We’re Kind Studio. We’re a creative partnership based in South London working across brand identity, print, digital interaction and animation. We’ve been running for (just about) four years and in that time have worked with a wide range of clients, big and small from many different industries. Our aim is always to work very closely with the client, to create work that’s as beautiful as it is functional.
We both studied our BA at Nottingham Trent University. We graduated in 2014, at which point Sean began his Masters at Chelsea School of Art. I moved to London also, but began a series of internships at various studios before landing a job at a creative agency in East London. Ten months later, we had a few drinks together and decided to start out on our own. So I guess you could say we’ve never really had ‘first jobs’!
As a small studio, we look up to guys who are slightly further along in their journey than we are. So people like our London neighbours OK-RM and OMSE, as well as M35. Collins is doing great things as a much larger agency. We also love the work of individual creatives like Ines Cox and Caterina Bianchini.
We’re always looking to improve on the work we’ve created previously, including workflows and relationships. We’ve just launched our brand new website, which for the first time showcases a lot of projects we’ve not shown before, so that’s exciting, and we’re looking forward to building on that.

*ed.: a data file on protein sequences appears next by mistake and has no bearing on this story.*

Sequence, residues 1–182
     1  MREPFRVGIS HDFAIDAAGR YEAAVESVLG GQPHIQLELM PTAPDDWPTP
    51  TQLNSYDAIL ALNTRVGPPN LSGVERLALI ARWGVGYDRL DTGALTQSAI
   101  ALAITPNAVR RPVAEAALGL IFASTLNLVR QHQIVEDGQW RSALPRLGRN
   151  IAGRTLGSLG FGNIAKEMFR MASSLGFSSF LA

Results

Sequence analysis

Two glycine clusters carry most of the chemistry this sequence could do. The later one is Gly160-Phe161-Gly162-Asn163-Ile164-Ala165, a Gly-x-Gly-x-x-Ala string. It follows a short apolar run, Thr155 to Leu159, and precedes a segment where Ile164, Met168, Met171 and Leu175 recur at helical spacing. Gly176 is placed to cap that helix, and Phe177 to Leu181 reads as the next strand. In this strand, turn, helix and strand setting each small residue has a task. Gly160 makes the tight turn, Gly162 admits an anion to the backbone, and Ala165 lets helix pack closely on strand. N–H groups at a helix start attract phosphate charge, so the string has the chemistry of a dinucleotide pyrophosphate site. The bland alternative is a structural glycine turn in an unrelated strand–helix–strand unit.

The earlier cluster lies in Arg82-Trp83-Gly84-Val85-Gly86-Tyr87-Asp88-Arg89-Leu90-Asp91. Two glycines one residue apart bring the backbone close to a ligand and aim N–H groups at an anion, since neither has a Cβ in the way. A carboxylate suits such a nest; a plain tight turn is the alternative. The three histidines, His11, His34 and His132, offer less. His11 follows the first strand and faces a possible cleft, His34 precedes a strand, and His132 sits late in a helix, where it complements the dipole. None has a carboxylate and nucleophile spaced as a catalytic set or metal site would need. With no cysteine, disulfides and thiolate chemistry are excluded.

Over the last three years we’ve mentored at LCC, LCF, Nottingham Trent and Middlesex. We’re just about to start our first few sessions at Shillington College of Design, which we’re really looking forward to. Mentoring can be challenging, but equally it can be inspiring, especially when you meet with the right kind of students who are full of ideas and ambition. Talking to those sorts of people can motivate you back at the studio, particularly when they are full of fresh new ideas and viewpoints — something that I think some people lose sight of once they have been in the industry for a while.
I think a lot of commissioned design work will begin (if it hasn’t already) to move away from larger, older, well established agencies in favour of smaller, more agile and youthful creatives. Combine that with a greater accessibility to freelance and co-working, and I think that it will give the next generation of designers much more freedom when coming into the industry.
In terms of projects, I think there’s going to be an ever increasing focus on digital. We always look to take on digital projects or introduce digital aspects into projects that don’t have them, as it allows us to experiment across animation, interaction and typography in a medium that’s becoming more and more accessible by everyone.